Alumnus honored at climate change talk

By Andrew Musur

Former University analytical chemist and alumnus, Charles David Keeling, was honored at an event last Thursday at Noyes Laboratory by George Mason University Professor Edward Maibach. Maibach has been working since 2009 with several meteorologists around the country in order to teach citizens about local climate changes. 

“Most Americans are convinced the climate is changing and they want solution enacted, but most feel little sense of urgency,” Maibach said.

Keeling, who died in 2005, was a 1948 graduate from the University. He was known for his methods of taking precise measurements of carbon dioxide in the atmosphere, which were the first to show the possibility of human contribution to the greenhouse effect and global warming.

Keeling produced a data set known as the Keeling Curve, which shows that the oceans readily absorb excess carbon dioxide produced by burning fossil fuels.

Keeling helped change the way scientists looked at the world, Maibach said, and was known for changing the way scientists monitor atmospheric carbon dioxide levels. Keeling received the National Medal of Science in 2002 from President Bush, the nation’s highest award for lifetime achievement in scientific research.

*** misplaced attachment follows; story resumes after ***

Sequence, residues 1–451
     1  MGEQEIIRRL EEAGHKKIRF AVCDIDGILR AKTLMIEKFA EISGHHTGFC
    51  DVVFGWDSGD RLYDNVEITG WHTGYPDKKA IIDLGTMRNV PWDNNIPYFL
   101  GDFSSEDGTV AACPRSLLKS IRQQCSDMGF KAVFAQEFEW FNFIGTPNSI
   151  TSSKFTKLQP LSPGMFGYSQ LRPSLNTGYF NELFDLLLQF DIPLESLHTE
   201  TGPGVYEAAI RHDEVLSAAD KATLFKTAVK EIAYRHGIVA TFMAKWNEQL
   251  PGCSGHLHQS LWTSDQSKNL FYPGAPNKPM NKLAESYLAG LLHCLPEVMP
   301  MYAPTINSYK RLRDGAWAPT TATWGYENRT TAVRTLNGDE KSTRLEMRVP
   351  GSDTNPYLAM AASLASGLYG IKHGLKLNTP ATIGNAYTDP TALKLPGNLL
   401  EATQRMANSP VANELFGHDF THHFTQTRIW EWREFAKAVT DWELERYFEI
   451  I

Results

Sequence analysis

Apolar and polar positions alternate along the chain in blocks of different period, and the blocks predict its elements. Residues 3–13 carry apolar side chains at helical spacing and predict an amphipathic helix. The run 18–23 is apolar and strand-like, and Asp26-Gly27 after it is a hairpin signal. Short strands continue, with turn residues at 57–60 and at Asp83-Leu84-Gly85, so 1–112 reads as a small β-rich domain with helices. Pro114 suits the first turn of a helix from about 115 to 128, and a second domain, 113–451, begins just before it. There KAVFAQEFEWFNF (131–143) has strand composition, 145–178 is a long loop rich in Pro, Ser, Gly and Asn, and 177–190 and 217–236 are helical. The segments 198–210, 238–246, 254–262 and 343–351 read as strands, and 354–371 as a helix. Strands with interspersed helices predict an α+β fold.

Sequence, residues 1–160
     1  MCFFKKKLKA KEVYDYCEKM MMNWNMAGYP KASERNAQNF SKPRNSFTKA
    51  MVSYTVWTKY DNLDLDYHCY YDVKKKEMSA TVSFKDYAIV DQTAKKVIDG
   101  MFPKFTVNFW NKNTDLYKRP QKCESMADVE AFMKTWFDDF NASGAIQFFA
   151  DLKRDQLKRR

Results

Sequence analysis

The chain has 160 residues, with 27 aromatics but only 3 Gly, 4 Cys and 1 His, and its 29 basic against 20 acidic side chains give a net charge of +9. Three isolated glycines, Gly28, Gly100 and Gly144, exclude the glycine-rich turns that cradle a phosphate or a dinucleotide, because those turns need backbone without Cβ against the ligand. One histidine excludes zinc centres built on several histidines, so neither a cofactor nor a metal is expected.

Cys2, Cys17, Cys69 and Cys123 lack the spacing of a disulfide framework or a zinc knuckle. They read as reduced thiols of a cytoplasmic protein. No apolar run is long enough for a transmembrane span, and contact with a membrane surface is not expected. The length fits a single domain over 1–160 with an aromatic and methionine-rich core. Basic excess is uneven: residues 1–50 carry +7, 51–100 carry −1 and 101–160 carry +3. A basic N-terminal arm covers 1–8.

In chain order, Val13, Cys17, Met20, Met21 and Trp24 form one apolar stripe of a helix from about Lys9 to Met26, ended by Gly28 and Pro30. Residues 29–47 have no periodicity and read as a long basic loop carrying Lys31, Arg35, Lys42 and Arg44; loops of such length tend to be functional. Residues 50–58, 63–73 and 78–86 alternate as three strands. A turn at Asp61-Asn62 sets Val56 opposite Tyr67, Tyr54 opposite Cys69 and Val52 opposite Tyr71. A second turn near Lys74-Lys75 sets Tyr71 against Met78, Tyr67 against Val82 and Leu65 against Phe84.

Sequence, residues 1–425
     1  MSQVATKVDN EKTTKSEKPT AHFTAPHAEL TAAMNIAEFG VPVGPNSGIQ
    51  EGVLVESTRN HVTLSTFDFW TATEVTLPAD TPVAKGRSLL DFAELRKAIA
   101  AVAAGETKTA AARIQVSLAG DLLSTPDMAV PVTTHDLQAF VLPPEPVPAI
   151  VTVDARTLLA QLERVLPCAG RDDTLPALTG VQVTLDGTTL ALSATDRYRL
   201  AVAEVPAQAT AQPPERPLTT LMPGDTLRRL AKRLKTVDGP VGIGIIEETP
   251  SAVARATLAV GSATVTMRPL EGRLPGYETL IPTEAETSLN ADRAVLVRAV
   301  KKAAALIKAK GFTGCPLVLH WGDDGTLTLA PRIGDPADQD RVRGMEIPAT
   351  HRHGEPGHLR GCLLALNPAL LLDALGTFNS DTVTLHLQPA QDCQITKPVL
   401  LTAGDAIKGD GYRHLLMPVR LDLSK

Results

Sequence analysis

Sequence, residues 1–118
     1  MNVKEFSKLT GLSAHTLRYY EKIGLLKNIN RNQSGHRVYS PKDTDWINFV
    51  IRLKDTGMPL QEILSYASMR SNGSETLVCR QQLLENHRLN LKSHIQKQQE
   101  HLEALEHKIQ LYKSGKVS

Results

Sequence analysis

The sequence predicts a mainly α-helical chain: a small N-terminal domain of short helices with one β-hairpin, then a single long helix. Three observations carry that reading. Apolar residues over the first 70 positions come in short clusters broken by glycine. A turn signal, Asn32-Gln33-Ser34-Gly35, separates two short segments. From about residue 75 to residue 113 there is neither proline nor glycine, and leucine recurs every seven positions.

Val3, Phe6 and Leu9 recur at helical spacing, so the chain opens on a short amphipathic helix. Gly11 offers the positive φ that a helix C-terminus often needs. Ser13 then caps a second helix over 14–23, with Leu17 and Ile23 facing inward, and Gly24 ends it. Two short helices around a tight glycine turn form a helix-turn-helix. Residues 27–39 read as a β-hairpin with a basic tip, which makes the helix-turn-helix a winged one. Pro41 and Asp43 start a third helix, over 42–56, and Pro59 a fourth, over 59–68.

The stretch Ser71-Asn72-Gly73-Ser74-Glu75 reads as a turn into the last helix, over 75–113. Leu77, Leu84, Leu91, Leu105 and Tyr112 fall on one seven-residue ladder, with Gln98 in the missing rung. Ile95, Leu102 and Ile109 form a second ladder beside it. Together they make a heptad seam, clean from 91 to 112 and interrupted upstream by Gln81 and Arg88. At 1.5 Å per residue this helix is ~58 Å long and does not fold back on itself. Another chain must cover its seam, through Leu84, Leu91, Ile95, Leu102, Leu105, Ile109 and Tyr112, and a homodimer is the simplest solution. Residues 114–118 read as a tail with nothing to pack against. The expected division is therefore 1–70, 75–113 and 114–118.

Maibach said he wants to educate people on climate change, so they can see it does matter. 

“While many Americans are changing their behavior to do something about climate change, the behaviors they are performing do not make all that much of a difference,” Maibach said.

The ultimate goal for Maibach is to have people understand the importance of climate change through informing meteorologists on his theories, who can then educate the general public.

“TV weather broadcasters now have the ability to show people that climate change is part of a broader trend,” Maibach said.

University students’ opinions stand divided on what they think about Maibach’s presentation.

“Overall the presentation by Maibach was very informational, and I was able to see the big picture, but I just do not see how this will help us,” said Nick Portillo, freshman in LAS. “I know for one, I am too lazy to get up and completely change my life around to stop climate change, and I feel most Americans can agree with that.”

On the other hand, not all students agree with this viewpoint, such as Natalie Gacek, freshman in Media.

“I really think we are going to change as a society,” Gacek said. “Maibach is opening a door that no one has ever been introduced to, this will change what the world becomes in the future.”

Andrew can be reached at [email protected]